The Euro50 is a European Extremely Large Telescope. Its enclosure will be among the largest buildings of the world. Determining the maximum wind load is crucial for the survival of the structure, and local forces have an impact on the detailed design such as cladding. Pressure variations on the primary mirror and the wind load on the telescope are important for the development of active optics and segment control systems. To obtain data for the survival wind load as well as for typical observing conditions, the airflow pattern has been studied both with a wind tunnel model and computational fluid dynamics (CFD). Special attention has been given to determination of pressures on the primary mirror. Results are compared for the two methods and also with data available from previous studies and from measurements on existing telescopes. Finally, a typical wind load envelope is defined for the integrated telescope model.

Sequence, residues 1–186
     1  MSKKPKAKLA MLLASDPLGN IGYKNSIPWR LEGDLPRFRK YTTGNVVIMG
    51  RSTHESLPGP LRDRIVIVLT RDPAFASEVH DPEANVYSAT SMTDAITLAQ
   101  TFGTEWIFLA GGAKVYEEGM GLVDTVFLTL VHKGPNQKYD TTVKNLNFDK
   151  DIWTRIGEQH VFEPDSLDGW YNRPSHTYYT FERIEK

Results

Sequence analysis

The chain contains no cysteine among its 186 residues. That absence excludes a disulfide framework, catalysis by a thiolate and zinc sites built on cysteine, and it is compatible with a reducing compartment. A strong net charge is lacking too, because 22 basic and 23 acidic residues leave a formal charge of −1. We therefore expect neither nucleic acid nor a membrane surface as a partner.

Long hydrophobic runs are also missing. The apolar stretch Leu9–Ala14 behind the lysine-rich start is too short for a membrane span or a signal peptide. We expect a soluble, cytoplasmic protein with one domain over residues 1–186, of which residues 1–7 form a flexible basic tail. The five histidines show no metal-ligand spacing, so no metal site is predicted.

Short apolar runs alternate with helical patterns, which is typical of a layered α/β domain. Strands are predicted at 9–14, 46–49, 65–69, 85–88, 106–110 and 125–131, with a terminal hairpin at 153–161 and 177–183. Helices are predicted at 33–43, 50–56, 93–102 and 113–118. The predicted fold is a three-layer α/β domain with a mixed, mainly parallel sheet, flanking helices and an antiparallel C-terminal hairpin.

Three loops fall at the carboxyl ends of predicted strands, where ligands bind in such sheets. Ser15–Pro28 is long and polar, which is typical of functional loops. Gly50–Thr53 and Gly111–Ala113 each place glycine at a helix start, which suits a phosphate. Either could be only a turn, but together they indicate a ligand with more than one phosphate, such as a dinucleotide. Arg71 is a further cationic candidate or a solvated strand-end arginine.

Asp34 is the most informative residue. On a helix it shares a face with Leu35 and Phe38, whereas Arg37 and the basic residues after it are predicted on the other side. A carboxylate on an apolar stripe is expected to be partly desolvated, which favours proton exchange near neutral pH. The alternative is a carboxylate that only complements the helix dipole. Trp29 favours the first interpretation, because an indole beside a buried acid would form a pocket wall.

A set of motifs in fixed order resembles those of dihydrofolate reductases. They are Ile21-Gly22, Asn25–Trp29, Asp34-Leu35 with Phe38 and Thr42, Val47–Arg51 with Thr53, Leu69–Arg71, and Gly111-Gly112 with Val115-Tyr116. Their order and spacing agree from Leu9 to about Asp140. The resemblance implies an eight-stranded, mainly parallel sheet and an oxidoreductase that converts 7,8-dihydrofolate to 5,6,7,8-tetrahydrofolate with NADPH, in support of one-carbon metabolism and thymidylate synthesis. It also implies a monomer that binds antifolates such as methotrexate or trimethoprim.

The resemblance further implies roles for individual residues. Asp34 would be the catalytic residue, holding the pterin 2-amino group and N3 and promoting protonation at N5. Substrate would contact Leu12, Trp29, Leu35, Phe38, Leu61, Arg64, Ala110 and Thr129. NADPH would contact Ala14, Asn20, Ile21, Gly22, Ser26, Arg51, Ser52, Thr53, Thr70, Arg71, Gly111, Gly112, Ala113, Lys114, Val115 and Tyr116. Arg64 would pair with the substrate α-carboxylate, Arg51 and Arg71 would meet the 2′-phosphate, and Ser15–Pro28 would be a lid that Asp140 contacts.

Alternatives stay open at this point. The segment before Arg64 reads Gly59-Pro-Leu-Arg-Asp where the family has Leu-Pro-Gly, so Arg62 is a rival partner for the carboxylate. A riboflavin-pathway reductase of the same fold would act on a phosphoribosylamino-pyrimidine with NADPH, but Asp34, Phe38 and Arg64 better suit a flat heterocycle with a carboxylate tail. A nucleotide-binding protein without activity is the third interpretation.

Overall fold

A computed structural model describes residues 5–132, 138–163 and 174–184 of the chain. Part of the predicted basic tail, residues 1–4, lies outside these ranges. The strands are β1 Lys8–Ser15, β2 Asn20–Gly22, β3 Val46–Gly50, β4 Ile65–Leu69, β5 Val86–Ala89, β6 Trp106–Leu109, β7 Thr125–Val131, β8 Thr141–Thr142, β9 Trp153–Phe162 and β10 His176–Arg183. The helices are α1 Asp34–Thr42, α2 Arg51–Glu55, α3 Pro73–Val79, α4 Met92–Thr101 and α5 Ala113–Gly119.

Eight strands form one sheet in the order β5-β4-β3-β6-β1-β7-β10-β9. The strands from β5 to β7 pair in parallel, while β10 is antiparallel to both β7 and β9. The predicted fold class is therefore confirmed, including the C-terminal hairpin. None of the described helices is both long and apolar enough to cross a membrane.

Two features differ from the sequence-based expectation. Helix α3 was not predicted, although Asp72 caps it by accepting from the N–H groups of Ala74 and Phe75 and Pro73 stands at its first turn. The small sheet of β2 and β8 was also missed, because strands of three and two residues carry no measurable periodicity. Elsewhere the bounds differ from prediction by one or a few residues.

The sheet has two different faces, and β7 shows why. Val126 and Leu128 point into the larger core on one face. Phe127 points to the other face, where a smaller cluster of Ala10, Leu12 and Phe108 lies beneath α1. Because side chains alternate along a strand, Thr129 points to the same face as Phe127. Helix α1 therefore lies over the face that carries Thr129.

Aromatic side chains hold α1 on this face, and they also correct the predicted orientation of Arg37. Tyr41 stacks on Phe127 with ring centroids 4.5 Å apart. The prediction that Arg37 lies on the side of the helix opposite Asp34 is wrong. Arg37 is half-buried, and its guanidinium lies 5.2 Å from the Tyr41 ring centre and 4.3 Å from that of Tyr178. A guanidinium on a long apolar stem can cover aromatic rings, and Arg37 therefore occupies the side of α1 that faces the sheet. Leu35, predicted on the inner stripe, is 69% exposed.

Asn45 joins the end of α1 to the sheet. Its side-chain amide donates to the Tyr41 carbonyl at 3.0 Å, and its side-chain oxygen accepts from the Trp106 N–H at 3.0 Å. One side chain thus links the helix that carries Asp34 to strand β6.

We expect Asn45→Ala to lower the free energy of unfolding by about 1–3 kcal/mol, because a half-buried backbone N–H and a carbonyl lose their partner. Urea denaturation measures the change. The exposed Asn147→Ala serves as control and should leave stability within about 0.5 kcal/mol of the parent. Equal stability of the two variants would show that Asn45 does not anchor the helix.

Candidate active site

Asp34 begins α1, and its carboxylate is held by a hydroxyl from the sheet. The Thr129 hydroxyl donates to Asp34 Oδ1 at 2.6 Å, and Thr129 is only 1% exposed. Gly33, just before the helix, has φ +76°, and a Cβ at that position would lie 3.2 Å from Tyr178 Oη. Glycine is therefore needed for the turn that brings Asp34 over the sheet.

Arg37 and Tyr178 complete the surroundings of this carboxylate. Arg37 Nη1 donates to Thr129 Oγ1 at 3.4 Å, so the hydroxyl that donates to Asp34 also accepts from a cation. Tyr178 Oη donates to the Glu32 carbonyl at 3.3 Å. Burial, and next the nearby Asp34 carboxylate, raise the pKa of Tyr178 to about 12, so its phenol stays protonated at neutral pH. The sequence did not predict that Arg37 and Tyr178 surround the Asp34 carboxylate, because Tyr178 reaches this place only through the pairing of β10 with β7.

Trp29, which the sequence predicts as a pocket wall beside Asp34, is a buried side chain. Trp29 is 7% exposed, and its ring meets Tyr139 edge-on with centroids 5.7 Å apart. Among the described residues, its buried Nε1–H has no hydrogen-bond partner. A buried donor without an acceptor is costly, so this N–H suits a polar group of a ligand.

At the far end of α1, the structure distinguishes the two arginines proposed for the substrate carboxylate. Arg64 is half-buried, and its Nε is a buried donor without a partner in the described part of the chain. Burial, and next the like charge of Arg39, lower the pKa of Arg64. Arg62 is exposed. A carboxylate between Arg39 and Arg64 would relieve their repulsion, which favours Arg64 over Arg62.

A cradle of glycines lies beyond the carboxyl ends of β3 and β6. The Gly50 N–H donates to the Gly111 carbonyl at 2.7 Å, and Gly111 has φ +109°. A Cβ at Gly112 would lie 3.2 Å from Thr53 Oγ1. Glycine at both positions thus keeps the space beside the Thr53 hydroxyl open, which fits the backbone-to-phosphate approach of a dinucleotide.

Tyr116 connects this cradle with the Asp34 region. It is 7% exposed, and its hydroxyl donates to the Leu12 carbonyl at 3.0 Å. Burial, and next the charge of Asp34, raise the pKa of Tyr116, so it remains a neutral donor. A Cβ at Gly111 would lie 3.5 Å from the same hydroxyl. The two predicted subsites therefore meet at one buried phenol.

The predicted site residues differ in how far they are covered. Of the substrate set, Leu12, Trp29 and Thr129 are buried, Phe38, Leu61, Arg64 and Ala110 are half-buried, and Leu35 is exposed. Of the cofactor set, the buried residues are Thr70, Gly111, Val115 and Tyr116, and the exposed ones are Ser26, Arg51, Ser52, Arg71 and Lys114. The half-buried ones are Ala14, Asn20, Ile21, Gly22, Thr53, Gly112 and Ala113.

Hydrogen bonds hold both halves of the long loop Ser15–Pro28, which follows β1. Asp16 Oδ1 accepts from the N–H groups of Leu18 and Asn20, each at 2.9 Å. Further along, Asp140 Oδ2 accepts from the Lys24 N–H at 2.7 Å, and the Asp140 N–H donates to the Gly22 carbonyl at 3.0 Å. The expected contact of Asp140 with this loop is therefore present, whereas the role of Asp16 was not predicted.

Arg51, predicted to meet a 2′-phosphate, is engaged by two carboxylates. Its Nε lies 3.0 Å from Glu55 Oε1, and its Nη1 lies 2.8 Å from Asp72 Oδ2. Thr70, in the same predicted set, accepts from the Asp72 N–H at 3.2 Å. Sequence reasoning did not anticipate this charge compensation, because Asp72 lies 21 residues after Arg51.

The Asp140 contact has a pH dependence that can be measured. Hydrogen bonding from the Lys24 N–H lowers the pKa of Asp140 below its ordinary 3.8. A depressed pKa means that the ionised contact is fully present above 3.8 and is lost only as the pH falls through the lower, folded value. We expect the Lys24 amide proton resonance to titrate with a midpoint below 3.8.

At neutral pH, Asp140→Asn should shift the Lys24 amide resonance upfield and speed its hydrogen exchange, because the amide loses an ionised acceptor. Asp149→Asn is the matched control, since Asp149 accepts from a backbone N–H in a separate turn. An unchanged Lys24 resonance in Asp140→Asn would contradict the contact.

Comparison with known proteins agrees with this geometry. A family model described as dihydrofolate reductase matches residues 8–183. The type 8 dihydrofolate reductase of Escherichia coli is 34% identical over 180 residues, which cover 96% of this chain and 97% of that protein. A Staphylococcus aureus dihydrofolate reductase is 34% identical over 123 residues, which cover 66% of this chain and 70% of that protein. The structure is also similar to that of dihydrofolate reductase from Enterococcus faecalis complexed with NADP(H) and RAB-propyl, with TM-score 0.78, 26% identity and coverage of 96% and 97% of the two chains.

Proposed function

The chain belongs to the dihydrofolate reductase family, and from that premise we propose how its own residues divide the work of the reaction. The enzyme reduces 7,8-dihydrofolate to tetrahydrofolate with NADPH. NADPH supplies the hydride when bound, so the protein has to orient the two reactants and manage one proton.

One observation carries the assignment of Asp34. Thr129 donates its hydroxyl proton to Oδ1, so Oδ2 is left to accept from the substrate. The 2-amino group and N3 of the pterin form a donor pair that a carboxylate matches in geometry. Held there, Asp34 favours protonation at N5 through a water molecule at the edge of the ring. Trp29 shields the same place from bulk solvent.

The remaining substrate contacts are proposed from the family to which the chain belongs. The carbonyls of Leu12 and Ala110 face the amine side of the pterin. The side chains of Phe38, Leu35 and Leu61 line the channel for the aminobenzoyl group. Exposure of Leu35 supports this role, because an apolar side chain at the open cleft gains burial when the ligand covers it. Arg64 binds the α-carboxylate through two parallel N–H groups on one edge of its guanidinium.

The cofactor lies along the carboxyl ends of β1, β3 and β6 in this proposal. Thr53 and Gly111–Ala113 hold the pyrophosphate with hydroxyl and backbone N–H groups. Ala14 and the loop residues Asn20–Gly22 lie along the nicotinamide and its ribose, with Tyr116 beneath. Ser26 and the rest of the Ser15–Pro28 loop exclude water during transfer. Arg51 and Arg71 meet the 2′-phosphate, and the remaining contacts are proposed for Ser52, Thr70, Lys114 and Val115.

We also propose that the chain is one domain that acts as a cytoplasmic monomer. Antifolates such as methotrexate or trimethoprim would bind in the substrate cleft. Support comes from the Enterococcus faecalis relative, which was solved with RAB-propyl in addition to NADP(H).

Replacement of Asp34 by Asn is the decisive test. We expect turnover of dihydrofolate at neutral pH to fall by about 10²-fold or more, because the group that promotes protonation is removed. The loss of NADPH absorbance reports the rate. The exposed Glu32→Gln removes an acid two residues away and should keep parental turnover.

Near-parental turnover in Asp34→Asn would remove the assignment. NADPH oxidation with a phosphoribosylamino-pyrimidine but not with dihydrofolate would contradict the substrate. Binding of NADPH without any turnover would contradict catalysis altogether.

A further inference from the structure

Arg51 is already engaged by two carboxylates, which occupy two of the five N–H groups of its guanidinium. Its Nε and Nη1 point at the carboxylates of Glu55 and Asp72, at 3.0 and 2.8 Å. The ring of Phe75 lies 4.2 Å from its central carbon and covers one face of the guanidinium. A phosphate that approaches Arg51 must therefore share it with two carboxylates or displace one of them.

The Euro50 is an extremely large telescope for optical and infrared wavelength with a 50 m primary mirror. It has a segmented, aspherical primary mirror and an aspherical, deformable secondary in a Gregorian layout. A tentative conceptual design exists and has been documented in a study report. Recent activities have concentrated on the science case for extremely large telescopes in the 50 m class and on identification of potential technical "show stoppers". The science case investigation has identified four fields of particular interest. The studies of critical technical issues have concentrated on atmospheric dispersion effects for high-resolution adaptive optics for extremely large telescopes, and on the influence of wind and other disturbances on wavefront control. Wind load on the telescope, the primary mirror and the enclosure has been studied using wind tunnel measurements and computational fluid dynamics. The impact of wind on the total system has been investigated using an integrated model that includes the telescope structure, the primary mirror segment alignment system, the secondary mirror alignment system, and single conjugate adaptive optics using the deformable secondary mirror. The first, tentative results show that wind disturbances may be significant and that the task of correcting for wind residuals may be at least as large for the adaptive optics system as that of correcting for atmospheric aberrations. The results suggest that use of extremely large telescopes for observations of earth-like planets around nearby stars may imply a considerable challenge.